back to article Linux Lite 6.2: Latest release from distro with a misleading name

Linux Lite 6.2 is the latest version of this increasingly inaccurately named distro. In effect, it's a niftily customized remix of Xubuntu 22.04.1. This is the first point-release since Linux Lite 6.0, which we looked at in June – the project eschews odd-numbered minor versions. While 6.0 was based on Ubuntu 22.04, 6.2 is …

  1. DJV Silver badge
    Joke

    "the slightly confused (or confusing) identity of this distro"

    Yep, it is definitely not "lite" as that screenshot appears to show it in dark mode!

    1. Liam Proven (Written by Reg staff) Silver badge

      Re: "the slightly confused (or confusing) identity of this distro"

      [Author here]

      > that screenshot appears to show it in dark mode!

      Yes, true. But my intention was to show the default appearance, so I didn't change it. So: intentional.

  2. gerryg

    Longevity

    Slackware, Debian, RedHat, Suse, Ubuntu, Gentoo perhaps a couple more.

    What are all the others for and will they be here next week?

    1. jollyboyspecial Bronze badge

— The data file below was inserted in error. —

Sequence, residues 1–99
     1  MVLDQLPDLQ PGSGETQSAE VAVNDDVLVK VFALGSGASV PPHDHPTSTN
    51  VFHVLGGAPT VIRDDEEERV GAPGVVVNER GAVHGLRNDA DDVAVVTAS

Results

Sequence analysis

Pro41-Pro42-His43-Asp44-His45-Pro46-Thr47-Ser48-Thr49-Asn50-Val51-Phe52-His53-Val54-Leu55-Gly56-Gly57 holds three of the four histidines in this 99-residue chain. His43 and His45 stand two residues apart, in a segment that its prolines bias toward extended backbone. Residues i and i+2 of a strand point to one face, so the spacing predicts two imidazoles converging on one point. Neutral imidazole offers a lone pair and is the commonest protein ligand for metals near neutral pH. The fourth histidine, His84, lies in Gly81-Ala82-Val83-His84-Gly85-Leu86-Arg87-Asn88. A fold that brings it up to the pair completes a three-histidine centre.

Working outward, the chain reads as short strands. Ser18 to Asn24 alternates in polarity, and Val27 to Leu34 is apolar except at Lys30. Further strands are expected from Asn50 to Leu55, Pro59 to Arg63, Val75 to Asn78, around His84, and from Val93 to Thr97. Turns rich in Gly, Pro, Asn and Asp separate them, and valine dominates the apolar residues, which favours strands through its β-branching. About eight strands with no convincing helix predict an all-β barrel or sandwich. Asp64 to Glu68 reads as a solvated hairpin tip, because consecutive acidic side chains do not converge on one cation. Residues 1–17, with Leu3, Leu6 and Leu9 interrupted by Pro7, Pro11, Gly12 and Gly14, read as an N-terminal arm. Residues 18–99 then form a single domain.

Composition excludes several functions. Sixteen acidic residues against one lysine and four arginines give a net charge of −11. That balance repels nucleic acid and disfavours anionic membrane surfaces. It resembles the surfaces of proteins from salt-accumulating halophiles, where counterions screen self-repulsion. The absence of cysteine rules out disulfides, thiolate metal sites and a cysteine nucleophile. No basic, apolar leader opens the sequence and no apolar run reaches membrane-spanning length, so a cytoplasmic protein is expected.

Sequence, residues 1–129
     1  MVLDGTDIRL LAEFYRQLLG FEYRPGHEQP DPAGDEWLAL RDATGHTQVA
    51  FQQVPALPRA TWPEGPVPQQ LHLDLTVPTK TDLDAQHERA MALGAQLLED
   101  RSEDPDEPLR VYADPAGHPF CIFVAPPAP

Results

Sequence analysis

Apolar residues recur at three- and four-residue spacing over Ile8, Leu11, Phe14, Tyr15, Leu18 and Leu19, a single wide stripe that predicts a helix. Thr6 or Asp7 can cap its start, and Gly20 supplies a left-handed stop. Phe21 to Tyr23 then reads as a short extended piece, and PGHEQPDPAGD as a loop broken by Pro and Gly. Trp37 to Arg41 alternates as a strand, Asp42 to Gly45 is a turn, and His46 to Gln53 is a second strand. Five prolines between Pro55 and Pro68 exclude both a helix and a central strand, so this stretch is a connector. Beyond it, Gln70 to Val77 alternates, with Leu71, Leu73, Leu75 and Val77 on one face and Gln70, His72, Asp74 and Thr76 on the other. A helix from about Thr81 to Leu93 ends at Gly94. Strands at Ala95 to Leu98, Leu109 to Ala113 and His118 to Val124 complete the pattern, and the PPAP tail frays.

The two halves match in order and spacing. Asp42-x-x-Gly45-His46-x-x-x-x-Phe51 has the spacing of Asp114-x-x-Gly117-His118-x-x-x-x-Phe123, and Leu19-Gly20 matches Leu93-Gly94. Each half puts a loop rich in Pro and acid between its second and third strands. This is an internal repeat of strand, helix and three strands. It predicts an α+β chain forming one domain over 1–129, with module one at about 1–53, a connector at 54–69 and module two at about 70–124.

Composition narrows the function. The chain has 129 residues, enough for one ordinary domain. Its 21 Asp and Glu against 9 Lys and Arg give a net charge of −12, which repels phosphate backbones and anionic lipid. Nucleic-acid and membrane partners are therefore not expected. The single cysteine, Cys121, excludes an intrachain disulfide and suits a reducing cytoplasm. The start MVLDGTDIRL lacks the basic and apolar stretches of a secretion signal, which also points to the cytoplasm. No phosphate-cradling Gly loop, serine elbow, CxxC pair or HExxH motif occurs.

Re: Longevity

      It is a laudable ambition in many a new Linux distro to be familiar and easy to use for new users. Obviously most users new to Linux are coming from years of using windows so making things familiar to them can only be a good thing.

      Some of the established distros make a claim to be easy for refugees from Redmond, but a significant number of them are not. If people get confused by the installer they probably aren't going to bother to finish up and use the system. Some supposedly newbie friendly distros have over the years assumed as technical knowledge way beyond the average home user's. Remember the laptop or PC is to a lot of home users an appliance just like the TV or microwave. Installing your new microwave is a simple case of taking it out of the box, removing the packing and plugging it in. Installing a new OS shouldn't be much harder, but usually is. With a lot of newbie friendly distros even if the new user completes the installation they will find that the developers seem to set out to hide things from Windows users. I had one friend call me up to ask me how ro change the resolution of their display (their eyesight isn't the best and they prefer a lower resolution) trying to talk her through this unfamiliar distro over the phone proved difficult so I popped rounds and it took me a couple of minutes to track it down three layers deep. I know a lot of others are much better. But consider how easy most users find the transition between Microsoft and Apple desktops. It should be just as easy when moving to Linux.